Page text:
Eric Dean died after 15 reports of child abuse were made in a state where 4 (MN) counties screened out 90% of all child abuse reports.  30 years ago, Lois Jergens went on to adopt 4 more children after the torture and murder of 4 year old Dennis Jergens.  Not much has changed.

I’ve borrowed the following statement (with a few changes) from another KARA discussion by a practicing social worker who thinks as I do.

Daniel LCSW

Working conditions and child protection results can change IF…

“As a collective, social workers stand up and demand a change. A strike…, protesting, educating, etc. Part of the problem is too many social workers, (usually the young, inexperienced, and single) believe it is against social worker ethics to stand and fight for themselves or their child clients. SW’ers also fear they will lose their job if they speak up and if they strike they would worry about neglecting their clients. Standing up now will help clients in the long run….. change can happen if we start advocating for ourselves Now.

Before you condemn Daniel’s robust thoughts, consider this; When nurses recognize that hospitals have seriously understaffed to the point of harming patients they strike.  Strike threats force administrators to consider better answers.

You deal with the same life and death issues that nurses do, but with children.  Your young clients will either be saved and healed to make it into adulthood & lead normal lives, or they will become the 80% of youth aging out of foster care leading sad and dysfunctional lives.

Until you, the only people close enough to the issues to speak about them truthfully, can articulate where the problems are and start telling people about the institutional failures and child tragedies you watch unfold daily, this great sadness of ruined lives, failing schools and unsafe communities will continue.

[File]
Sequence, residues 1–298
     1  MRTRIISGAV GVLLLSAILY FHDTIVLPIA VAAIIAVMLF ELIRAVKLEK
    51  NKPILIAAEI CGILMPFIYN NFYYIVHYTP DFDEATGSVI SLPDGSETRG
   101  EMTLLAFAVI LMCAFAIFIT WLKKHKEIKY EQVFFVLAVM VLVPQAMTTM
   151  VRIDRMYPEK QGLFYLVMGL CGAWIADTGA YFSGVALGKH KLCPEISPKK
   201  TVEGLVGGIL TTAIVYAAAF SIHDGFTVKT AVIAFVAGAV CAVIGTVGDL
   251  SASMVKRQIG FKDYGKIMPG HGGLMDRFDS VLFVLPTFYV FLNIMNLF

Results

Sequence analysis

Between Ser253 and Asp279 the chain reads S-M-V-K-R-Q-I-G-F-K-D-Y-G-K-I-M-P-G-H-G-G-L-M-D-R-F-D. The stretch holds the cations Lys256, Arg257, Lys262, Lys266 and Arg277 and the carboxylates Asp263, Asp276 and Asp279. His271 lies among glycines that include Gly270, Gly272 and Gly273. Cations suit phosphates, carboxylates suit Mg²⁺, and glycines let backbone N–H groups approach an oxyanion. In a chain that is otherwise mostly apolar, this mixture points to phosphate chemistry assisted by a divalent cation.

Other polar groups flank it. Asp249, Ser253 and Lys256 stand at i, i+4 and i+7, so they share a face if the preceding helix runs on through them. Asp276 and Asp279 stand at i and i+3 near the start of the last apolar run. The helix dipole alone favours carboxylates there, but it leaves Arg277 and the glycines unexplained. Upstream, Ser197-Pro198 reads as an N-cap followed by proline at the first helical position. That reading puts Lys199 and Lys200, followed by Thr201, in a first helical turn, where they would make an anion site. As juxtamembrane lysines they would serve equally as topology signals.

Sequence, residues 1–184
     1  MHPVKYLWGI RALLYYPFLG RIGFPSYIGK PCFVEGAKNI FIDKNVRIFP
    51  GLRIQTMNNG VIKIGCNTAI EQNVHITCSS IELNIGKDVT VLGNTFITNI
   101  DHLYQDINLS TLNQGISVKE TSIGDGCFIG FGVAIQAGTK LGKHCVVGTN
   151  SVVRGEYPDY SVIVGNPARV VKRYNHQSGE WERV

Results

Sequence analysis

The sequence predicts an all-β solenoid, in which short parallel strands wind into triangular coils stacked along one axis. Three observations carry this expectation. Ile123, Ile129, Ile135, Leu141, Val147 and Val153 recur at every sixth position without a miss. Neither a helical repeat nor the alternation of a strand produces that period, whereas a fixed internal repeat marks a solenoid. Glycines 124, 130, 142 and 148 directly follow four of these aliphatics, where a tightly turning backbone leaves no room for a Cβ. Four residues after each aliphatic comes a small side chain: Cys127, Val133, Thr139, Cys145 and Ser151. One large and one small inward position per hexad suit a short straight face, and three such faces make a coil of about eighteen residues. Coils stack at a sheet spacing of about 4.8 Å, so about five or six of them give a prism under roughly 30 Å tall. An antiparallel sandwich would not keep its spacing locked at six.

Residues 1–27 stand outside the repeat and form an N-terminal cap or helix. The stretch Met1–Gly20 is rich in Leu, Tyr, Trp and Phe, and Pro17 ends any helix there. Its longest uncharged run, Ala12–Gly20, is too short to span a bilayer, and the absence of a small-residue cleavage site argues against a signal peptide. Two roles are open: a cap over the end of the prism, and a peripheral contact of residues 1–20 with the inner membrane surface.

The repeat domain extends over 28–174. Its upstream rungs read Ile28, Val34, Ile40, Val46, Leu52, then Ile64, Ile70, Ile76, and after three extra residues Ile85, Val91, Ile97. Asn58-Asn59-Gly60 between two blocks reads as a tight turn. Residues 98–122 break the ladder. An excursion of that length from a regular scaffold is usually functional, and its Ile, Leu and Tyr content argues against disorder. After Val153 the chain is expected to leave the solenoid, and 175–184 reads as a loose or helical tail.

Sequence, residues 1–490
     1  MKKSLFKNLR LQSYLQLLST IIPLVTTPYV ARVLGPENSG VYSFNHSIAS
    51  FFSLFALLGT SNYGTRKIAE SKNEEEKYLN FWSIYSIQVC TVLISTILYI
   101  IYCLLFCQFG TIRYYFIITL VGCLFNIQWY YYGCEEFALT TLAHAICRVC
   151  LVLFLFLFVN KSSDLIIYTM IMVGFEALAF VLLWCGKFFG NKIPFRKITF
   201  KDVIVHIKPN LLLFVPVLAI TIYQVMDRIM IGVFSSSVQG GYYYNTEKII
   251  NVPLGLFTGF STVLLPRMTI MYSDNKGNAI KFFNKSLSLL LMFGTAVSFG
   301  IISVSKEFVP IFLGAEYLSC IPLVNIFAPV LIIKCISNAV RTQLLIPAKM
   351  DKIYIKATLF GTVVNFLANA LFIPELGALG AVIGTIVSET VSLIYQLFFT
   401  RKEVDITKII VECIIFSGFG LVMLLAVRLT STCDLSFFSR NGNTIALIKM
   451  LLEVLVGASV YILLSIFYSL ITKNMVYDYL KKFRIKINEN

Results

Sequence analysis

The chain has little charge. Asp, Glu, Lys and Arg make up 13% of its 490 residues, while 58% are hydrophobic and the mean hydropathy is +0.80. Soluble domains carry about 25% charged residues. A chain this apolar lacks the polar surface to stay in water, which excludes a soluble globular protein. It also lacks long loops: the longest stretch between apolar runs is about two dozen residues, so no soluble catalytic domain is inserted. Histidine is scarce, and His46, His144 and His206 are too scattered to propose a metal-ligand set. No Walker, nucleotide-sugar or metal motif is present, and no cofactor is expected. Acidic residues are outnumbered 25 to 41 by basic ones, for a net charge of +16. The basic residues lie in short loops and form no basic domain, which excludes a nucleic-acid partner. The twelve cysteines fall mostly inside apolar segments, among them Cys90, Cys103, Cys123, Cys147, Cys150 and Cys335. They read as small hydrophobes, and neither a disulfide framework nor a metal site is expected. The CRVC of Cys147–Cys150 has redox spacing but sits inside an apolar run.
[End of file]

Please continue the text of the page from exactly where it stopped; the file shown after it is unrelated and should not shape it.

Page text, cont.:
Thank you for the work you do.

ALL ADULTS ARE THE PROTECTORS OF ALL CHILDREN

1 Comment

  1. While I understand you are writing from a social worker’s perspective, I can tell you there are at least as many frustrations from parents (foster and adoptive). We hear a lot of what sound like excuses from social workers/counties who refuse to make available resources our children desperately need after being left in abusive homes far too long. Foster parents who complain about the lack of resources to help children in their care are labeled trouble makers and no longer receive children. Adoptive parents often are left to struggle on their own trying to deal with very troubled children who frequently are physically/sexually acting out at home. It seems the only place these parents can actually receive support/guidance is from other parents via private FAcebook groups they’ve joined for this purpose, but often the other parents can only sympathize, since they too are stymied by the system. But at least the parents collectively often have far more training and experience than most of the social workers. Parents have asked to be part of the Task
    Force and other efforts to address the disfunction in the system, but have been almost universally rejected – the state and counties don’t seem to want any inout from those they are supposed to be assisting. (No doubt they would not want public the feedback they would receive.)

    Foster parents also are constrained by and threatened with privacy laws that often protect social workers and their supervisors/county from accountability. Adoptive parents also are concerned about their children’s privacy (most don’t want the whole world to know their child’s sexual/physical abuse history. Even great reporters like Brandon Stahl aren’t interested in writing about anonymous families, so it is very difficult to make the public aware of this issue until something like a death occurs.